Pages: i-iii | Published: 11/2009 | DOI: 10.1111/j.1540-6261.2009.01538.x | Cited by: 0
Pages: 2427-2479 | Published: 11/2009 | DOI: 10.1111/j.1540-6261.2009.01507.x | Cited by: 177
CHRISTOPHER J. MALLOY, TOBIAS J. MOSKOWITZ, ANNETTE VISSING-JØRGENSEN
We provide new evidence on the success of long‐run risks in asset pricing by focusing on the risks borne by stockholders. Exploiting microlevel household consumption data, we show that long‐run stockholder consumption risk better captures cross‐sectional variation in average asset returns than aggregate or nonstockholder consumption risk, and implies more plausible risk aversion estimates. We find that risk aversion around 10 can match observed risk premia for the wealthiest stockholders across sets of test assets that include the 25 Fama and French portfolios, the market portfolio, bond portfolios, and the entire cross‐section of stocks.
Pages: 2481-2513 | Published: 11/2009 | DOI: 10.1111/j.1540-6261.2009.01508.x | Cited by: 496
Pages: 2515-2534 | Published: 11/2009 | DOI: 10.1111/j.1540-6261.2009.01509.x | Cited by: 160
JAMES J. CHOI, DAVID LAIBSON, BRIGITTE C. MADRIAN, ANDREW METRICK
We show that individual investors over‐extrapolate from their personal experience when making savings decisions. Investors who experience particularly rewarding outcomes from 401(k) saving—a high average and/or low variance return—increase their 401(k) savings rate more than investors who have less rewarding experiences. This finding is not driven by aggregate time‐series shocks, income effects, rational learning about investing skill, investor fixed effects, or time‐varying investor‐level heterogeneity that is correlated with portfolio allocations to stock, bond, and cash asset classes. We discuss implications for the equity premium puzzle and interventions aimed at improving household financial outcomes.
Pages: 2535-2558 | Published: 11/2009 | DOI: 10.1111/j.1540-6261.2009.01510.x | Cited by: 36
ROBERT J. BLOOMFIELD, WILLIAM B. TAYLER, FLORA HAILAN ZHOU
We report the results of three experiments based on the model of Hong and Stein (1999). Consistent with the model, the results show that when informed traders do not observe prices, uninformed traders generate long‐term price reversals by engaging in momentum trade. However, when informed traders also observe prices, uninformed traders generate reversals by engaging in contrarian trading. The results suggest that a dominated information set is sufficient to account for the contrarian behavior observed among individual investors, and that uninformed traders may be responsible for long‐term price reversals but play little role in driving short‐term momentum.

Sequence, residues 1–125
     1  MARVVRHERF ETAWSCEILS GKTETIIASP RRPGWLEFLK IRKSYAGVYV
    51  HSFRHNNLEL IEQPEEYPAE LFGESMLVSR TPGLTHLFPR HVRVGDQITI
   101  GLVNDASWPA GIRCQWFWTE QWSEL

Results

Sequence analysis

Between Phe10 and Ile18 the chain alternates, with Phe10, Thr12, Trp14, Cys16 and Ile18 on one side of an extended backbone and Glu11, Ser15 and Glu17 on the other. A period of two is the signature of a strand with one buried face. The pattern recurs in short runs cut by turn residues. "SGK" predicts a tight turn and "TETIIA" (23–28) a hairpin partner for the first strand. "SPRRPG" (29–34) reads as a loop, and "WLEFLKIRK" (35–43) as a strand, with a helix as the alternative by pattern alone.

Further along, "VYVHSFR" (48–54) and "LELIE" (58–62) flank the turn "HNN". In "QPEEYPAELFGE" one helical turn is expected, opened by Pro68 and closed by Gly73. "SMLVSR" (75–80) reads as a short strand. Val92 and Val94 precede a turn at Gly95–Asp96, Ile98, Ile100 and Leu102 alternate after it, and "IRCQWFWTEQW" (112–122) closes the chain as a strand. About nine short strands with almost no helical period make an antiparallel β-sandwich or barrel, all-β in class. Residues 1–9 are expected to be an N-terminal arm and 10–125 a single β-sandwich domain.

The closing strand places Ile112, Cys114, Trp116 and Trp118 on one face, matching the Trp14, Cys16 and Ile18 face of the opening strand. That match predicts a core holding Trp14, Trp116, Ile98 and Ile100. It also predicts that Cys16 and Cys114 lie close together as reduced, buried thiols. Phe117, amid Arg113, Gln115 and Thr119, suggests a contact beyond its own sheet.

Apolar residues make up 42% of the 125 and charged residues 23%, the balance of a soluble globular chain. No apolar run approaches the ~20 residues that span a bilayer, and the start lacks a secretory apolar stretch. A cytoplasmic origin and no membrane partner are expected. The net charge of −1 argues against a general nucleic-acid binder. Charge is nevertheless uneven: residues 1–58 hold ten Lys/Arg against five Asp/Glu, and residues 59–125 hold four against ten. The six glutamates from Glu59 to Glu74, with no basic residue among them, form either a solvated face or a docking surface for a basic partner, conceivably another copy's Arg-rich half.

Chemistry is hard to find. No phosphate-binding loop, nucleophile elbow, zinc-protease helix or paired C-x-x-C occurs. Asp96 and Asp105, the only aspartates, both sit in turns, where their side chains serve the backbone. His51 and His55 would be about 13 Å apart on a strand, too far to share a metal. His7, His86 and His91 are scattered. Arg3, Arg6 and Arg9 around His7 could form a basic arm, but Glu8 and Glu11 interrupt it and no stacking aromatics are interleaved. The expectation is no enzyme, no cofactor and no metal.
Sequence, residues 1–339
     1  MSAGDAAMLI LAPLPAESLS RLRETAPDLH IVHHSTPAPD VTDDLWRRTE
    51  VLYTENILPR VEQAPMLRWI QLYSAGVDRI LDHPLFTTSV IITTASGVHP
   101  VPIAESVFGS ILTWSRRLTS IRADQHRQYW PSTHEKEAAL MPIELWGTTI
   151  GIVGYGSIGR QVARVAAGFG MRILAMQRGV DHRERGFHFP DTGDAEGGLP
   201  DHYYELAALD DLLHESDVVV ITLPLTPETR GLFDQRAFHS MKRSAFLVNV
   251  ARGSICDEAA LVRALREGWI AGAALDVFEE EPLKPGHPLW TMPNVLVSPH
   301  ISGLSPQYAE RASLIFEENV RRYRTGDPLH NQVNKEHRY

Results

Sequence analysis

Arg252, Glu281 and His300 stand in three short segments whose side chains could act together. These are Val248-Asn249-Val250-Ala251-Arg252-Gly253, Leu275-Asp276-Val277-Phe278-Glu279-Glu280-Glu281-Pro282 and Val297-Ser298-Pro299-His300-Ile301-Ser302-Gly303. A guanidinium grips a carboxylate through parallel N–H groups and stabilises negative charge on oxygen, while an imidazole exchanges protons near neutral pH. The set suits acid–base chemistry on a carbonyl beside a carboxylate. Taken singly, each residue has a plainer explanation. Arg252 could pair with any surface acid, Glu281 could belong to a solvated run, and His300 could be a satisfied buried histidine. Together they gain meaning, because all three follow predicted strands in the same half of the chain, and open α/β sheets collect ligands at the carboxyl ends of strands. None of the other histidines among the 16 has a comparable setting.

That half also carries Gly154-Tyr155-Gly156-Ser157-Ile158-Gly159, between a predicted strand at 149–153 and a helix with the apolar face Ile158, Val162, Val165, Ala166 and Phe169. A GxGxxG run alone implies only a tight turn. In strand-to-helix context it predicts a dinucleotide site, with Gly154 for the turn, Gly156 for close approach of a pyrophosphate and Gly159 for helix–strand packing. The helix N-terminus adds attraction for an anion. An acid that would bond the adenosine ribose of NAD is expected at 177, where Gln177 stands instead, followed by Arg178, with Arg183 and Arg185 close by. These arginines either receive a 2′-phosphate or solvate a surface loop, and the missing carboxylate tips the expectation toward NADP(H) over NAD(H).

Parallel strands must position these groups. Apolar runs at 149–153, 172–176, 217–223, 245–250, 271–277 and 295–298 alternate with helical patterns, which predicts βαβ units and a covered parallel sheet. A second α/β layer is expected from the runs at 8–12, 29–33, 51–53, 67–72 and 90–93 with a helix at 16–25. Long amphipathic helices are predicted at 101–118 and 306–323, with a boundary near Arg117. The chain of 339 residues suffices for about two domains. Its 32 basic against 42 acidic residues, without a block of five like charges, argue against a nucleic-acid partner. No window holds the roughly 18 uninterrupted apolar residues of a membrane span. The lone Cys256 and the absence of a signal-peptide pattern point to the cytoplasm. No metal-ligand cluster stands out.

Pages: 2559-2590 | Published: 11/2009 | DOI: 10.1111/j.1540-6261.2009.01511.x | Cited by: 102
MALCOLM BAKER, ROBIN GREENWOOD, JEFFREY WURGLER
We propose and test a catering theory of nominal stock prices. The theory predicts that when investors place higher valuations on low‐price firms, managers respond by supplying shares at lower price levels, and vice versa. We confirm these predictions in time‐series and firm‐level data using several measures of time‐varying catering incentives. More generally, the results provide unusually clean evidence that catering influences corporate decisions, because the process of targeting nominal share prices is not well explained by alternative theories.
Pages: 2591-2626 | Published: 11/2009 | DOI: 10.1111/j.1540-6261.2009.01512.x | Cited by: 397
GEERT BEKAERT, ROBERT J. HODRICK, XIAOYAN ZHANG
We examine international stock return comovements using country‐industry and country‐style portfolios as the base portfolios. We first establish that parsimonious risk‐based factor models capture the data covariance structure better than the popular Heston–Rouwenhorst (1994) model. We then establish the following stylized facts regarding stock return comovements. First, there is no evidence for an upward trend in return correlations, except for the European stock markets. Second, the increasing importance of industry factors relative to country factors was a short‐lived phenomenon. Third, large growth stocks are more correlated across countries than are small value stocks, and the difference has increased over time.
Pages: 2627-2663 | Published: 11/2009 | DOI: 10.1111/j.1540-6261.2009.01513.x | Cited by: 49
DAVID C. CICERO